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A 5-year-old Florida girl who was diagnosed with an aggressive form of brain cancer in December 2017 has died, days after a photo of the child with her grandfather went viral.
Ally Parker says her daughter, Braylynn, developed a lazy eye in November 2017, and was diagnosed with Diffuse Intrinsic Pontine Glioma (DIPG) a few weeks later. Braylynn's health began to deteriorate rapidly after she was taken to the emergency room in early January 2018.
"We were told (the first night in the hospital) that she had between 24 and 48 hours," Parker told TODAY Parents. "The doctor who gave us that time frame came in later and told us she lifted the frame because she believed Braylynn could be fighting for several more weeks, even years."
Parker updated friends and supporters on Braylynn's condition through the Braylynn's Battalion Facebook page, where she posted a heartbreaking photo of her father, Sean Peterson, crying at his granddaughter's bedside. The photo, in which Parker hoped to show the reality of pediatric cancer, went viral.
"I had no intention of that picture getting as far as it did," said Parker. "I had taken it just to capture a memory — to remind myself that this was real and it was happening."
Parker says her father is in poor health, battling Amyotrophic Lateral Sclerosis (ALS) and a precancerous form of myeloma, and has taken Braylynn's illness hardest of anyone in her family.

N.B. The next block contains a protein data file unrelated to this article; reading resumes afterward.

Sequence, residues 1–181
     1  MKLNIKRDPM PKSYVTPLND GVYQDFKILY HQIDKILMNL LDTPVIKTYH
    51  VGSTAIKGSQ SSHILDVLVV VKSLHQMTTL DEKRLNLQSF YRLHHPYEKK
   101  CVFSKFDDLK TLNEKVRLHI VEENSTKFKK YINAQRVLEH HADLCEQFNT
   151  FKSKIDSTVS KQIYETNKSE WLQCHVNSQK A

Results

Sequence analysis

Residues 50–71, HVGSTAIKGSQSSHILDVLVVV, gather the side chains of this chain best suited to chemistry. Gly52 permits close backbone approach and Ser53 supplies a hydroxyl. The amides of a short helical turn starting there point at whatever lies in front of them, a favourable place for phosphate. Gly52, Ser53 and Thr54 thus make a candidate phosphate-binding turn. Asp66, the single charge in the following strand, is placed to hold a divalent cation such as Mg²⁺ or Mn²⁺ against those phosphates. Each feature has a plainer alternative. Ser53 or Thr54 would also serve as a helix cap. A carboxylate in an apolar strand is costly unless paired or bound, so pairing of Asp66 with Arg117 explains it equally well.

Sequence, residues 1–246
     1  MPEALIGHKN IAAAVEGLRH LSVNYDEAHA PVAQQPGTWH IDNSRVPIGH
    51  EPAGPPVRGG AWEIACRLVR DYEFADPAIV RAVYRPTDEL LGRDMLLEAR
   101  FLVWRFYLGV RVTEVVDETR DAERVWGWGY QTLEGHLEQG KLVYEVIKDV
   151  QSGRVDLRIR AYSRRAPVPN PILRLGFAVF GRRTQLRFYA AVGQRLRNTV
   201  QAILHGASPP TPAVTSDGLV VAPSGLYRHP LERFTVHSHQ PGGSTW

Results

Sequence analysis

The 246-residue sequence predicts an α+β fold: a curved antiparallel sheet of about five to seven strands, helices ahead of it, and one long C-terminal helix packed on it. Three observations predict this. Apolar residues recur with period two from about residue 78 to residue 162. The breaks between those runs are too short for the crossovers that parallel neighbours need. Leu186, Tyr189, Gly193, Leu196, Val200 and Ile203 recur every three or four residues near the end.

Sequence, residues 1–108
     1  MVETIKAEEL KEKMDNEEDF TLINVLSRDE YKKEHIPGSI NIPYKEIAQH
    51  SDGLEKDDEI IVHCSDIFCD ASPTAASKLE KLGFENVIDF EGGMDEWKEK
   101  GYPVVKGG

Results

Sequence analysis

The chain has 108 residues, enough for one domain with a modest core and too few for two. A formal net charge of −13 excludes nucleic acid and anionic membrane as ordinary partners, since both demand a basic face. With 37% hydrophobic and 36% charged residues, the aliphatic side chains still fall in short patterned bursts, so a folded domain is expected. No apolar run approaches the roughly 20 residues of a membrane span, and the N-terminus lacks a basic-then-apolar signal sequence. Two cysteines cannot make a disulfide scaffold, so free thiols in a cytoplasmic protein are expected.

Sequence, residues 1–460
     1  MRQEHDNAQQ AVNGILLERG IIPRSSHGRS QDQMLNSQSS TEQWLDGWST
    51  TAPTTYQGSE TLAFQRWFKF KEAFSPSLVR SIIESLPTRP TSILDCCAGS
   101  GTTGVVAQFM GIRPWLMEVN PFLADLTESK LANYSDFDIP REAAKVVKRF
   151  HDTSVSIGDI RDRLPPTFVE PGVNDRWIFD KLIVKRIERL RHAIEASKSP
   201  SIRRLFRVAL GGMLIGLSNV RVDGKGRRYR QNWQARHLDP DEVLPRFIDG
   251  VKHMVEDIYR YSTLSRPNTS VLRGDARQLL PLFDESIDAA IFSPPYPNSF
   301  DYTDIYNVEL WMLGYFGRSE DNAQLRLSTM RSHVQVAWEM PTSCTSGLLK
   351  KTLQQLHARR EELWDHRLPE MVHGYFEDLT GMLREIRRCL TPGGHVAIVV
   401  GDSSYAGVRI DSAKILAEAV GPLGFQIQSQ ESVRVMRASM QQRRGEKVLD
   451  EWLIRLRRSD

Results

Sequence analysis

"He hopes that one day, the two of them will be sitting on the couch together again, watching 'My Little Pony,'" said Parker.
According to the Michael Mosier Defeat DIPG Foundation, only 10% of children diagnosed with DIPG survive for two years following their diagnosis and less than 1% survive for five years. The median survival time for kids diagnosed with the disease is nine months from diagnosis.
Braylynn survived for only a few weeks after her diagnosis, losing her battle with DIPG on January 15, 2018.
A spokesperson for the family told TODAY Braylynn's family and friends are heartbroken by the loss.
In a Facebook post, Parker shared the news of her daughter's death, calling for a cure for DIPG before more children are lost.
"She could light up any room," reads the post. "She was a princess with the strength of a warrior and she will never be forgotten."